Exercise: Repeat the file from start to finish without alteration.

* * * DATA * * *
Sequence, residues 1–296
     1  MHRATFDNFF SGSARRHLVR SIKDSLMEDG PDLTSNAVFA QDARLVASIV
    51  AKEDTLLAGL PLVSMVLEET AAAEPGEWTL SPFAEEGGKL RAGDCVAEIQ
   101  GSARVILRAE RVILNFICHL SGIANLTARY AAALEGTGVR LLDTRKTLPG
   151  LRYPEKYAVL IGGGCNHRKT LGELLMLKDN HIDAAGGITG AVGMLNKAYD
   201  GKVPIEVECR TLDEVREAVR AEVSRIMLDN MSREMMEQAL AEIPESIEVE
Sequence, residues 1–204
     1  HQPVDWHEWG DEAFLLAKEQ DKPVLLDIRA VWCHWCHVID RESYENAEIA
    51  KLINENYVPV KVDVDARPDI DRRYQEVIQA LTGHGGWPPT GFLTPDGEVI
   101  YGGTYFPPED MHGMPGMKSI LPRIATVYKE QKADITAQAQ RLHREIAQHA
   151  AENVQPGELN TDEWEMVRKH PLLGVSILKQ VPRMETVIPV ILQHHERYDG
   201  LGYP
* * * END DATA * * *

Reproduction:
Sequence, residues 1–296
     1  MHRATFDNFF SGSARRHLVR SIKDSLMEDG PDLTSNAVFA QDARLVASIV
    51  AKEDTLLAGL PLVSMVLEET AAAEPGEWTL SPFAEEGGKL RAGDCVAEIQ
   101  GSARVILRAE RVILNFICHL SGIANLTARY AAALEGTGVR LLDTRKTLPG
   151  LRYPEKYAVL IGGGCNHRKT LGELLMLKDN HIDAAGGITG AVGMLNKAYD
   201  GKVPIEVECR TLDEVREAVR AEVSRIMLDN MSREMMEQAL AEIPESIEVE
Sequence, residues 1–204
     1  HQPVDWHEWG DEAFLLAKEQ DKPVLLDIRA VWCHWCHVID RESYENAEIA
    51  KLINENYVPV KVDVDARPDI DRRYQEVIQA LTGHGGWPPT GFLTPDGEVI
   101  YGGTYFPPED MHGMPGMKSI LPRIATVYKE QKADITAQAQ RLHREIAQHA
   151  AENVQPGELN TDEWEMVRKH PLLGVSILKQ VPRMETVIPV ILQHHERYDG
   201  LGYP